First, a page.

Sponsor Trees
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::: FACT ::: The best way to absorb CO2 from the atmosphere is through photosynthesis  ::: FACT ::: Trees grow up to 3 times faster, and absorb far more CO2 in the Tropics than in the UK  ::: FACT ::: For every 5 trees planted in de-forested areas, 15 are likely to grow back from dormant seeds lying in the ground :::
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About Our Projects

Find out more about the Malawi project
Find out more about the Ethiopia project

Sponsor Trees focus on community based tree planting projects, including fruit tree nurseries as these provide the most direct benefits to the local families and communities. The seedlings are planted for their direct and our indirect benefit, and this also makes theses projects the most sustainable. To read more about the benefits of trees, click here.

For tree planting projects to be sustainable, a range of tree species suitable to the local eco-system must be planted. No less than 6 different types of indigenous trees must be planted in open areas, so they absorb and replenish different nutrients from different levels underground.

By partnering with a range of tree planting organizations around developing countries, trees have been sponsored in Honduras, the Philippines, Indonesia, Malawi, Panama, Haiti and Ethiopia. Locations of nurseries and types of trees within depend up on the time of year, quantities being planted, climate variations, water supply, cost efficiencies, availability of seeds, general demographics and demand from villagers for crops, nutrition, shelter etc.

Criteria for projects:

  1. The projects must aim for long term benefits to the environment
  2. The projects need to show socio-economic benefits to the locals
  3. The projects must have all costs covered, and not require the community to spend their own money
  4. The projects must be monitored to ensure at least enough trees survive
  5. The projects should be sustainable, showing improvement and annual growth
  6. They should include education so the trees are managed correctly

Why Africa?

Local villagers working on the tree nurseries Ethiopia High Street out of town

Africa was once predominantly rainforest, much like South America still is today. Due to our global demand and exploitation of natural resources, now barely 5% of the original forest remains across the continent of Africa. Africa is the one continent which has already suffered the most from climate change. The rain seasons are shorter and the droughts are more frequent. Far too many people throughout the whole of Africa struggle to find drinking water and live below the poverty line of $1 a day. You can read more about our specific tree planting projects on our pages tree planting in Ethiopia and tree planting in Malawi.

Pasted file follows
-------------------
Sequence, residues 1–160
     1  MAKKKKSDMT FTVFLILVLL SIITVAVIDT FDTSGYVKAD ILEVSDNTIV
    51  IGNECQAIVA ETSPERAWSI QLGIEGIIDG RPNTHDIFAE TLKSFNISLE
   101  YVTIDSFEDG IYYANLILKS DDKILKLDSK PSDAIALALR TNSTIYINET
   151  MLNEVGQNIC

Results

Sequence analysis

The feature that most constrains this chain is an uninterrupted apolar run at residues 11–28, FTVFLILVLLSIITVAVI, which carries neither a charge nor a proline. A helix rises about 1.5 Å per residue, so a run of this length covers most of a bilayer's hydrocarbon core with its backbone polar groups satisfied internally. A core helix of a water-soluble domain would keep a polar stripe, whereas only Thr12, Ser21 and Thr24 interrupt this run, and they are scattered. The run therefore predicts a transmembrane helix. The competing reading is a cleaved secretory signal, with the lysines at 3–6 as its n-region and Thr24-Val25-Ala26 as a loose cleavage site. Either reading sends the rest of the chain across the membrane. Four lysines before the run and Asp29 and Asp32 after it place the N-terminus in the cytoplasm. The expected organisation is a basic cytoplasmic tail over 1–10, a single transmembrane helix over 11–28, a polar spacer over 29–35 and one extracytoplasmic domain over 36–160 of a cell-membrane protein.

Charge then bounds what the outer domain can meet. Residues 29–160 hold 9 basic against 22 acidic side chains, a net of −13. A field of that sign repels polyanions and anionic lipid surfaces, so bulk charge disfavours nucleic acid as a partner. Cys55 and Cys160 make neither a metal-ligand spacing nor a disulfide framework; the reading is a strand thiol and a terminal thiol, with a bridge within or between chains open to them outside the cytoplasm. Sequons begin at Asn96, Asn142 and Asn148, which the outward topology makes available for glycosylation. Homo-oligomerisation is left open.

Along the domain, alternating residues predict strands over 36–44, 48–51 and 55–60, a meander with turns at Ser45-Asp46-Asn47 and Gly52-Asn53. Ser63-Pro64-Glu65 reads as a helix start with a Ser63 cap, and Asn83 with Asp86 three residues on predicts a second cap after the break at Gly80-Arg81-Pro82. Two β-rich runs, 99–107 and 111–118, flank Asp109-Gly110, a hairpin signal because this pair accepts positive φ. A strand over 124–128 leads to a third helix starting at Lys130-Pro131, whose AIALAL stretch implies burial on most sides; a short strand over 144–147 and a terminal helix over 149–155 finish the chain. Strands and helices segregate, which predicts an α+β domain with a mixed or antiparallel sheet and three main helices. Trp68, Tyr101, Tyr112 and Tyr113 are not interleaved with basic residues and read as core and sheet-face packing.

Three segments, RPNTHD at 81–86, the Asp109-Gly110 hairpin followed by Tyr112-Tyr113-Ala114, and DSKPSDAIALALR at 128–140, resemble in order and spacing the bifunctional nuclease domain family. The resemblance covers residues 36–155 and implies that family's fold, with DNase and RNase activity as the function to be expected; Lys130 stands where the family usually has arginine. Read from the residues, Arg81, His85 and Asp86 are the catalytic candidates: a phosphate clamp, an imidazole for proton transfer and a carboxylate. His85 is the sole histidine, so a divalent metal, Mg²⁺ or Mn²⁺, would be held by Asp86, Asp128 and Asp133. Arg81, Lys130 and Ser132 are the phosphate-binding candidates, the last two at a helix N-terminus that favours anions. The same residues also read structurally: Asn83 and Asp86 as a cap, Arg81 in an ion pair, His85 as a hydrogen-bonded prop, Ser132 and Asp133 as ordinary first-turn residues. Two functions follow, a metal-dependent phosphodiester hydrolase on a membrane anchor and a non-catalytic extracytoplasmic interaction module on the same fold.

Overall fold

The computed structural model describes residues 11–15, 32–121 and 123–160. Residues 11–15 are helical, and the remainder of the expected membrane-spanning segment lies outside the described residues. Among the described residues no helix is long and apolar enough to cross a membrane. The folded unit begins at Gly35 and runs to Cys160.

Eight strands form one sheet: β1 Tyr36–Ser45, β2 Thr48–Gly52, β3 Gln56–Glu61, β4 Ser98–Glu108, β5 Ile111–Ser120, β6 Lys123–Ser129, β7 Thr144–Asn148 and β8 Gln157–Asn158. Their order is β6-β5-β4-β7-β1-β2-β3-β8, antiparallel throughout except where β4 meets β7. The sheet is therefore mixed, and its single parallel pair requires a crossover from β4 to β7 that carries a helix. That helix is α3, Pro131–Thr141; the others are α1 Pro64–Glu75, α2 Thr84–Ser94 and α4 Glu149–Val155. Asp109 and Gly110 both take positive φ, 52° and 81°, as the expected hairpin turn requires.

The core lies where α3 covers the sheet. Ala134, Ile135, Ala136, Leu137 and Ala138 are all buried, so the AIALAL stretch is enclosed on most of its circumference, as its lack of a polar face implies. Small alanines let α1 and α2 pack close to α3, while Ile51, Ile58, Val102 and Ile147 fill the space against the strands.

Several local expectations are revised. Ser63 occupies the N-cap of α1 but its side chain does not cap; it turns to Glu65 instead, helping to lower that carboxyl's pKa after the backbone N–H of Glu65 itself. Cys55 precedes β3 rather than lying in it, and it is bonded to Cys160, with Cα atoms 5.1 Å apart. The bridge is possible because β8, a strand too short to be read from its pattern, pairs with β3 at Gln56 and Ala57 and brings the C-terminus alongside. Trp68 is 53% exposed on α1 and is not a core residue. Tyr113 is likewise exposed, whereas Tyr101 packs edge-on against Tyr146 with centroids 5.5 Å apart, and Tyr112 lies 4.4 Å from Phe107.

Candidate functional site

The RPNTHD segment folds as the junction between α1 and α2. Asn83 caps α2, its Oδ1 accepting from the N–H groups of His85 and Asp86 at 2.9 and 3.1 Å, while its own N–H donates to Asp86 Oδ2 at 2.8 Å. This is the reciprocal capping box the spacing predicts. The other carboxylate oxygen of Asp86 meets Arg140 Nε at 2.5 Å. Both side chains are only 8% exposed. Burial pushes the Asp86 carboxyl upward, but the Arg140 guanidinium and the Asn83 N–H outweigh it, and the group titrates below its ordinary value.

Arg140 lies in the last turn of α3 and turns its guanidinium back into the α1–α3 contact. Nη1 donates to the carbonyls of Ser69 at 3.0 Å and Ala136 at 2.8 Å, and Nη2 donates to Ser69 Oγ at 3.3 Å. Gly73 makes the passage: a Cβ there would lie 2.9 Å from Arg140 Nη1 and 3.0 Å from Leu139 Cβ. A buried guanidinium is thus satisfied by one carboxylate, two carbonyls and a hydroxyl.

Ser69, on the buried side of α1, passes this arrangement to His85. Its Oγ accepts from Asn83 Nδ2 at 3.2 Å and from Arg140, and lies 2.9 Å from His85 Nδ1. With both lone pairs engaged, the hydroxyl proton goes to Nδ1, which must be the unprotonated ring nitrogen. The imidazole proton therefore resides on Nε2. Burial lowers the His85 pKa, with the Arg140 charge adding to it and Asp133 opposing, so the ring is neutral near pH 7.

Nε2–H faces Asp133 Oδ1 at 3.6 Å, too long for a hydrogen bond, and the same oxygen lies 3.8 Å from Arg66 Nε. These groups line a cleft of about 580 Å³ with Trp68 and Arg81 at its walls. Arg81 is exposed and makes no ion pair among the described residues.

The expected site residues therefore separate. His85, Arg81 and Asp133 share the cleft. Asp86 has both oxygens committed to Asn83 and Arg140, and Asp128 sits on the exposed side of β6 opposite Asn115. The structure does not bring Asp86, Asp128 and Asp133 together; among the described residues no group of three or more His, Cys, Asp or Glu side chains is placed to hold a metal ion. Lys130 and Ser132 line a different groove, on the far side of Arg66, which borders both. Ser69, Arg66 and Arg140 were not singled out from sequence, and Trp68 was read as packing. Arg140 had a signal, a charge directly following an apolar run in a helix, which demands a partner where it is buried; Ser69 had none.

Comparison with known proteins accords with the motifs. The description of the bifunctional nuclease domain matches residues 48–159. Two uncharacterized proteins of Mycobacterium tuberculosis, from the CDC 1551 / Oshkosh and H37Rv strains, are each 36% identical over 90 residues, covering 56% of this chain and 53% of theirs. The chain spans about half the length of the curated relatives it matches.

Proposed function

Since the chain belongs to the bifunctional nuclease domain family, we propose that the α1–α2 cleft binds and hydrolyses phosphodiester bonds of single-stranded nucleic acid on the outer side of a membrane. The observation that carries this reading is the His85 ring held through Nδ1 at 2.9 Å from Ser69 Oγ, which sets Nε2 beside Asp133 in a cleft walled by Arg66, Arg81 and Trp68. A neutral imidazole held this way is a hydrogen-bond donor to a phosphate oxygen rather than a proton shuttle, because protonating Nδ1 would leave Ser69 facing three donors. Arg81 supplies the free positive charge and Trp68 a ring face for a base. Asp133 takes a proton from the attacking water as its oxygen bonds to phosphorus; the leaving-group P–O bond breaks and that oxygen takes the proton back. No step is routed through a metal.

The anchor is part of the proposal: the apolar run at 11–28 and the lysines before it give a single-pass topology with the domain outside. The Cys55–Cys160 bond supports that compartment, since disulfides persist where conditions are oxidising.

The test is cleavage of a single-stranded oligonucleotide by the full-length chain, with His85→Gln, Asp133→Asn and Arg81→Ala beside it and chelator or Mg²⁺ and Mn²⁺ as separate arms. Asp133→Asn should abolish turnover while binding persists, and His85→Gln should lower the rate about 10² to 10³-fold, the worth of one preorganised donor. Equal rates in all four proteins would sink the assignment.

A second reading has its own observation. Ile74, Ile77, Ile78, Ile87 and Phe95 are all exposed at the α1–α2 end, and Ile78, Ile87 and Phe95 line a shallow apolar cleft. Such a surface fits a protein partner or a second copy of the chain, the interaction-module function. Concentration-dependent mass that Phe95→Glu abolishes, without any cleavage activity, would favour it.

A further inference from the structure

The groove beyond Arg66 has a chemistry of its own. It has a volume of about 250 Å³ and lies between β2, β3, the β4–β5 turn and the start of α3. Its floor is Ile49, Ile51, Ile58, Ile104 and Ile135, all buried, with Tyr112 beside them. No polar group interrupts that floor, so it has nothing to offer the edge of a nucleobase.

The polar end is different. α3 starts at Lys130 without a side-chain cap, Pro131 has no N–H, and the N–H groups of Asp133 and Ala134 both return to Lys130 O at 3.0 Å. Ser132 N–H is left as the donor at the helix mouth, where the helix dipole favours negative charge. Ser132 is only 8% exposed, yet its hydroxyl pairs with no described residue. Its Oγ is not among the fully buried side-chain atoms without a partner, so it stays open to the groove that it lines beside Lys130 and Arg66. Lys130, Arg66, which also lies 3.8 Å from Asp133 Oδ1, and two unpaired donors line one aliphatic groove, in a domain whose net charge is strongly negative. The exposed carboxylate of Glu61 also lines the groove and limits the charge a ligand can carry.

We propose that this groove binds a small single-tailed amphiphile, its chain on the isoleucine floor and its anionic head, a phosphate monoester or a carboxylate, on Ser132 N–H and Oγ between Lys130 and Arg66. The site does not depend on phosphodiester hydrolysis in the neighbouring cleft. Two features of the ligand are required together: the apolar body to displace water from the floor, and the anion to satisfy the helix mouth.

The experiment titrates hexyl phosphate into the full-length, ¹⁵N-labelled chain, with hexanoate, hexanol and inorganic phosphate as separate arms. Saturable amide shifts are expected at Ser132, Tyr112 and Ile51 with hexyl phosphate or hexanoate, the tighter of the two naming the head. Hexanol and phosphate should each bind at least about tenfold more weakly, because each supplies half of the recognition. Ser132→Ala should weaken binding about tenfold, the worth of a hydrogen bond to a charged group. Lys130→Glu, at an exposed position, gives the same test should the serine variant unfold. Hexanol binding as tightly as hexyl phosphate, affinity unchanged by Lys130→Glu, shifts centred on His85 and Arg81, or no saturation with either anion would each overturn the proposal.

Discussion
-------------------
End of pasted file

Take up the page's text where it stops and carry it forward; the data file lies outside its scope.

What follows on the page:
Trees are also more affordable in Africa, absorb more carbon dioxide due to a high rate of photosynthesis and there is no shortage of land on which to grow many. When families are given 10-20 trees each, it is enough to make a difference and help support them to generate their own much needed sustainable income. These trees are planted in barren landscapes where human desperation has cleared areas with currently very little natural resources. Unlike most areas which have other uses, these areas may only survive with our help, and these trees as conditions can be too tough even for farming use. Within areas home to natural forest are dormant seeds lying in the ground. With soil stabilisation and new tree roots, these can grow back, and planting trees or not in these areas, can have huge implications. Read about how many benefits trees can provide!

Mango Tree

Mango Tree

Happy workers in nursery

Happy workers in nursery

    Interesting Tree Facts
  • One tree absorbs about 1 ton of carbon dioxide over its lifetime, and can produce enough oxygen for 10 people in a year.
  • Each person on average produces about 10 tons of carbon dioxide every year, which amounts to 10 trees!
  • Trees can help cool the earth by approximately 5F by shading the ground around them and, evaporating moisture from their leaves.
  • Tree roots stabilise worn soil, prevent erosion and guide water down to under ground aquifers supporting surrounding growth.
  • Trees can help balance the eco-system, enhance bio-diversity and provide homes for wildlife and endangered species.
  • Many trees coppice (grow back after cutting) and can therefore produce many times the benefits by being managed correctly.
  • Trees produce fruit and valuable medicines
  • Trees can live for over 100 yrs and are self-sustainable
  • For every 50 trees planted in deforested areas, 150 are likely to grow back.

More info available directly by contacting us.

Find out more about the Malawi project   Find out more about the Ethiopia project